There are many and varied pathways to becoming an epidemiologist.

They usually involve an undergraduate degree in a related field such as medicine, health science, science with majors in mathematics/statistics or psychology. The options for postgraduate study include:

  1. a graduate diploma or masters degree in epidemiology, biostatistics or public health that involve substantial coursework, including units in epidemiology, and completion of a minor research project with dissertation
  2. a Masters by research degree or PhD in epidemiology, biostatistics or public health focused on a major research project usually with at least some coursework undertaken prior to or during the period of study.


A biophysicist or a biochemist, studies life at every level. From atoms, molecules and cells to full organisms and environments, nothing is off limits for the biophysicist. A biophysicist/biochemist will need to be a master of almost all mediums (chemistry, physics, biologist and math) in their efforts to study the growth, reproduction, metabolism and heredity characteristics of… well, pretty much any and everything.

How to get there: You’ll need a bachelor’s degree in either physics, chemistry or biology as well as lab experience (from an internship or uni experience) to gain entry-level employment. To work in research or product development, you’ll need a master’s degree.


Forensic scientist

We’ve all seen Law & Order so we’ll go fast on the intro here. A forensic scientist collects and analyses physical evidence surrounding a crime. This evidence can be more general or under a specialisation like ballistic (bullets) or toxicology. A forensic scientist will not only need laboratory skills and attention to detail but they may be required to present their evidence in court so an ability to communicate and synthesise complex information is a must.

Note: Forensics is a highly specialised career and there are only a few employment opportunities in the occupation.

The main employers of forensic scientists are State and Commonwealth Government health departments, and State and Federal police forces. Most forensic scientists have had extensive experience specialising in a particular scientific field such as microbiology, chemistry or physics, before moving into the forensic area.

The Australian Federal Police, through its Forensic Services Division in Canberra, employs forensic scientists in the disciplines of crime scene examinations, fingerprint identification, firearms and ammunition identification, document examination, forensic biology, forensic chemistry and applied physics.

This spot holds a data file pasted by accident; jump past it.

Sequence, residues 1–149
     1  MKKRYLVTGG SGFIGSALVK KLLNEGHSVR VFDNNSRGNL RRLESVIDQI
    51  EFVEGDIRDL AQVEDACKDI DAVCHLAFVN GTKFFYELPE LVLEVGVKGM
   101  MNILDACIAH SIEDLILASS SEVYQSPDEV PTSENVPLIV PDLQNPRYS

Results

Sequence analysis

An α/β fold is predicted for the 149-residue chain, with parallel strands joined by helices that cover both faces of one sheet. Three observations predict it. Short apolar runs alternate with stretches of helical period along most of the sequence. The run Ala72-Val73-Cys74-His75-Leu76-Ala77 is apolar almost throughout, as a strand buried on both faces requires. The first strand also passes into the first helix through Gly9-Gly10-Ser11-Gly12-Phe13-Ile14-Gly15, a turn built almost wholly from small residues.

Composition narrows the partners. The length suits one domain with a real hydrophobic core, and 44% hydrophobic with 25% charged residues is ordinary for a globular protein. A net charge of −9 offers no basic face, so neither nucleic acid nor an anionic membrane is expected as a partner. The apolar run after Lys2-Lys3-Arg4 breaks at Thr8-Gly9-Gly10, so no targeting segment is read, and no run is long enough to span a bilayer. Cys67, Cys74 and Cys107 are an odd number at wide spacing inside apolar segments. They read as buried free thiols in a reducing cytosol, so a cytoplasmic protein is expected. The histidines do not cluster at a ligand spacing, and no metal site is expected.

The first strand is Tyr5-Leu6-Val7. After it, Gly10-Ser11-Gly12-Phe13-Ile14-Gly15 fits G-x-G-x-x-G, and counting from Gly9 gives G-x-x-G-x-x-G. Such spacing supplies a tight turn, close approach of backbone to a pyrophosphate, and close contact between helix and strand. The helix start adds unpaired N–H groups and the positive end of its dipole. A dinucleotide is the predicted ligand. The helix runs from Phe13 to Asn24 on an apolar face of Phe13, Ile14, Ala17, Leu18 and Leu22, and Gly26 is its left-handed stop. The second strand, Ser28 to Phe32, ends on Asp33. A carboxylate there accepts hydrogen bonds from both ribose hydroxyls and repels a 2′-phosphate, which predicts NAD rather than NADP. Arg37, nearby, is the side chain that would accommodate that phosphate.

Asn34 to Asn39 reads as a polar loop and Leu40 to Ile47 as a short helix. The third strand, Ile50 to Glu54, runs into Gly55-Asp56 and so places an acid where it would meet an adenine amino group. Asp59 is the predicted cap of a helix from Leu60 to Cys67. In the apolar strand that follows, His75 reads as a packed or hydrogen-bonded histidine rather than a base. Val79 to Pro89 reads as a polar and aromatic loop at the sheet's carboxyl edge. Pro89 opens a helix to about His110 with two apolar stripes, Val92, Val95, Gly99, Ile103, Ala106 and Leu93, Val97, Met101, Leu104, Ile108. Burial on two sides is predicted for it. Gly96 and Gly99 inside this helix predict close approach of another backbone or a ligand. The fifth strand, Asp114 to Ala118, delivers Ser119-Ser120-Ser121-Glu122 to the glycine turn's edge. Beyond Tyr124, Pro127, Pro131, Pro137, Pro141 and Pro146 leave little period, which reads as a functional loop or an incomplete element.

You’ll also need a tough disposition to succeed in this field. It can get a little confronting.

How to get there: UTS offers a Bachelor of Forensic Science.

Marine Biologist

But, Marine biology, in a nutshell, is the study of marine organisms, their behaviours, and interactions with the environment. It includes many different sub-disciplines and, consequently, an array of potential career directions.

Would you like to be a microbiologist, a behavioural ecologist, a system analyst, a geneticist, a professor, even an environmental lawyer – or perhaps some combination of these?

There are many roads to choose from and many organisations that hire marine biologists, so having a fairly precise idea of what you would like to do is an important first step in the right direction.

How to get there:

As a start, take all the science courses available to you in high school and as an undergraduate. Basic biology, zoology, chemistry, physics, and mathematics are essential, but other courses such as ichthyology, conservation, and oceanography are also quite valuable, as well as those related to your specific field. Then there’s the study of statistics; this is something you must know and be good at and no, you can’t get around it.

Check out the course on offer at UTS. 


If you’ve got even an inkling about the concept of genes, you’ve probably figured this one out but just in case, we’ll lay it out. A geneticist essentially studies traits and how they are inherited. A geneticist will often deal with a sub-category referred to as epigenetics – the turning ‘on’ or ‘off’ of genomes (genetic material) by external factors e.g. diet or pollution or even the genetic causes behind disease. Geneticists need to be good at math and statistics as well as more traditional science skills and will likely be employed as academic researchers, so you’ll need to be able to put pen to paper too.

How to get there: You’ll need to pursue an undergraduate degree at minimum with a major in Genetics. From there a masters is favourable.

Want to look for the right course?